Anatomy of Tongue
Anatomy of Tongue
- The tongue, a muscular organ, is divided for descriptive purposes into the body, which lies relatively free in the oral cavity, and the base, which is fixed to the hyoid bone. The base spans the oral cavity and pharynx.
- The dorsum of the body possesses the median sulcus, a shallow groove superficially dividing the tongue longitudinally in the midline into right and left halves.
- The surface mucosa exhibits specialized zones demarcating the remnants of the embryologic origin of the tongue. The sulcus terminal is may be observed as a posteriorly directed, V-shaped shallow groove separating the anterior two-third (or body) from the posterior one-third (base) of the tongue. The terminal sulcus is the developmental dividing line.
- That is, anything anterior to it is in the oral cavity, whereas anything posterior to it is in the pharynx. Lying alongside but anterior to the terminal sulcus is a row of 8 to 10 mushroom-shaped circumvallate papillae (vallate papillae).
- These structures possess taste buds and receive the ducts of the serous glands of von Ebner, one of the few named groups of minor accessory salivary glands.
- The remaining mucosal surface of the dorsum of the anterior two-thirds of the tongue possesses specialized projections, known as lingual papillae.
- The most numerous are the filiform papillae and, interspersed among them are the mushroom-shaped fungiform papillae; the former present a rough surface and they present no taste buds, whereas the latter display a few taste buds on their dorsal surface.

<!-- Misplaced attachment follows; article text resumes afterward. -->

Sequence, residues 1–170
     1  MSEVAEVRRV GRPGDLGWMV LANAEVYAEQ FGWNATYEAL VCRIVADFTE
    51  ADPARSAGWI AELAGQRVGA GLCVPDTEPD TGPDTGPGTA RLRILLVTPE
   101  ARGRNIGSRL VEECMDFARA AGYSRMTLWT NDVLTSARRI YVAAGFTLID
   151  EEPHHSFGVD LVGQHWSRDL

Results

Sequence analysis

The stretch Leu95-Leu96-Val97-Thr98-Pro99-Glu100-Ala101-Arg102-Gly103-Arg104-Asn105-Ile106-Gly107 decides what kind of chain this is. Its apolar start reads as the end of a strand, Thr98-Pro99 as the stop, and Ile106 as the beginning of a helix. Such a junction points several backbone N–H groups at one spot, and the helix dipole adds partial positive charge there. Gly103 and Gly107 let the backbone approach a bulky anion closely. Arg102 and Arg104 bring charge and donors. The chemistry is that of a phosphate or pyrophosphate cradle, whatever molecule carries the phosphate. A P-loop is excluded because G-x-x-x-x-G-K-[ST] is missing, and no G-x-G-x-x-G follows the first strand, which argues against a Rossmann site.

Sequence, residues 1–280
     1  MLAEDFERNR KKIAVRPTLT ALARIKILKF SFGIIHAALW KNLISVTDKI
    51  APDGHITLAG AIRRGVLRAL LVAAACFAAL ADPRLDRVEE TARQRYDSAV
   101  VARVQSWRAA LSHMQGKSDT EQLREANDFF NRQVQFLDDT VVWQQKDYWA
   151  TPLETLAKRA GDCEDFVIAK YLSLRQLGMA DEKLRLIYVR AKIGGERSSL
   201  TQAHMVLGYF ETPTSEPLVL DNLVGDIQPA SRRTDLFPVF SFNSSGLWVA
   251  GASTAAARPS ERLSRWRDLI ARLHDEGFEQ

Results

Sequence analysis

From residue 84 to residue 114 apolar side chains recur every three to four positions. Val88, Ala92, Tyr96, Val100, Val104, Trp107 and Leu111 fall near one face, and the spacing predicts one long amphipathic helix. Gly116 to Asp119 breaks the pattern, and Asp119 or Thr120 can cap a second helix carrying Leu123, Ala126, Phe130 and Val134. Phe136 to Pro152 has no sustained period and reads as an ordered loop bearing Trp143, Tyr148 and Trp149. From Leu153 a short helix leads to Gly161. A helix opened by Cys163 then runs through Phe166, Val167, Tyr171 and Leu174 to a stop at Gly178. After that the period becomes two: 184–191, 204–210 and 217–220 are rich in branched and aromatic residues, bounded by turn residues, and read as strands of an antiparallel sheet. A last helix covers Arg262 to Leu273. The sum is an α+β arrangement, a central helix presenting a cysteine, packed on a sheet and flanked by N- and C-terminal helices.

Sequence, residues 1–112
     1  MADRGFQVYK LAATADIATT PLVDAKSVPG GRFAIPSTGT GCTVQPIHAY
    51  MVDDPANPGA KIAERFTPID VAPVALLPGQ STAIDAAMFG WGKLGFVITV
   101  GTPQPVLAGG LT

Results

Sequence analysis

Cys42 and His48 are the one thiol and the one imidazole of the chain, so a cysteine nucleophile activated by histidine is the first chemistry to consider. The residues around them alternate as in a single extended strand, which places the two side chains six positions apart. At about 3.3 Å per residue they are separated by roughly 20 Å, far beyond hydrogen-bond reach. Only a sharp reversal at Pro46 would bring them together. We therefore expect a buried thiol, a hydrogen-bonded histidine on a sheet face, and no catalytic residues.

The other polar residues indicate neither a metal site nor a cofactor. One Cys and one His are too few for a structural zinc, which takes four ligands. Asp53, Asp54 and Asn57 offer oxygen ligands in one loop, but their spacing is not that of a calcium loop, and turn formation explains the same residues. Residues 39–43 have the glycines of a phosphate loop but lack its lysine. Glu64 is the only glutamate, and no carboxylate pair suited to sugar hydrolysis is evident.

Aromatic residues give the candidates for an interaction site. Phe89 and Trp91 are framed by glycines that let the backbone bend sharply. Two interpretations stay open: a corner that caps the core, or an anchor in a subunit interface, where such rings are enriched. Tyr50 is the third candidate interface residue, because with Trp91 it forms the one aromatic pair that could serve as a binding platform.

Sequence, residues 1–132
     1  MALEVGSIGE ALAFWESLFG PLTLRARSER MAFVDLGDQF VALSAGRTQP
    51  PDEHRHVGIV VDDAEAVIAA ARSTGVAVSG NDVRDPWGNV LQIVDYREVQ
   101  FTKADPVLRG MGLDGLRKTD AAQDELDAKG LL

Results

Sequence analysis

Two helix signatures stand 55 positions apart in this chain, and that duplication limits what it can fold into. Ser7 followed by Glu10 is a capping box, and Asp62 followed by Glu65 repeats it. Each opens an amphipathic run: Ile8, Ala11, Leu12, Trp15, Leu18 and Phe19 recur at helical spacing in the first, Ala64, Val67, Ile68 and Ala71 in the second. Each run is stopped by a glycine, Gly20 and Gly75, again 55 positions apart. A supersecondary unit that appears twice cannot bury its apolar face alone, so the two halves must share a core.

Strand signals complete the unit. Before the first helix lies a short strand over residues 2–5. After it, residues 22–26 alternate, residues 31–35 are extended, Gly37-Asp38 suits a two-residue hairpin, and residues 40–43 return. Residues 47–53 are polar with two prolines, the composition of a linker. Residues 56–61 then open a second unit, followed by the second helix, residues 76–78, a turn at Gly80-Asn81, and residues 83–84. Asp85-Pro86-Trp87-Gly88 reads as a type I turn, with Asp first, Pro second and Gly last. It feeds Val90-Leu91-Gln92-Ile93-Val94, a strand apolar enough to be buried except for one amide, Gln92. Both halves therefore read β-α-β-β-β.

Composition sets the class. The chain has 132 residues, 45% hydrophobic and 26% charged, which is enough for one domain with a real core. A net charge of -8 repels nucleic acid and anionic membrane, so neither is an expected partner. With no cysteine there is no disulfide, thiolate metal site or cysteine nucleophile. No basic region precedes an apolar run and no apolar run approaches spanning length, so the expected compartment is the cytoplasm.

- On the posterolateral aspect of the anterior two thirds of the tongue are vertical furrows known as the foliate papillae; their taste buds degenerate after the first couple of years of life.
- Located in the midline, just posterior to the apex of the sulcus, is the foramen cecum, a shallow, pit-like depression that is a remnant of the developmental thyroglossal duct. The rest of the dorsal surface of the posterior one third of the tongue exhibits irregular bulges in its mucosa representing the lingual tonsils. The mucosa of the ventral surface of the tongue is smooth and without surface papillae.
The medially placed lingual frenulum attaches the anterior two thirds of the tongue to the floor of the mouth. On either side of the frenulum, extending almost to the tip of the tongue, surface bulges may be observed representing the underlying glands of Blandin-Nuhn, another group of the named, minor accessory salivary glands. These glands are mixed, producing both serous and mucus saliva, which empty into the oral cavity via several minute pores.
- The bilateral deep lingual veins may be observed through the nearly transparent mucosa on either side of the frenulum coursing just deep to the mucosa along the tongue’s inferior surface from the tip to the deep regions in the floor of the mouth, where the vein disappears from view.
- Lateral to the vein is a fringed fold of mucous membrane, the plica fimbriata which often exhibits tissue tags from its free edge. Ducts of the glands of Blandin-Nuhn open into the oral cavity through the fringes of the plica fimbriata.
- Just above the floor of the mouth on either side of the lingual frenulum is an elevation of the mucous membrane (plica sublingualis) overlying the bulging sublingual glands.
- On closer examination one may observe several small openings along the surface of the plica sublingual is representing the small sublingual ducts (ducts of Rivinus).
- In addition, a large sublingual duct (duct of Bartholin) from the sublingual gland joins the submandibular duct (Wharton duct) just before its entry into the oral cavity for the delivery of saliva from the submandibular gland.
- The Wharton duct empties at the sublingual caruncula, an enlarged papilla adjacent to the lingual frenulum. Incisive glands, a small group of minor accessory salivary glands, may also be found on the floor of the oral cavity on either side of the lingual frenulum just posterior to the mandibular incisors.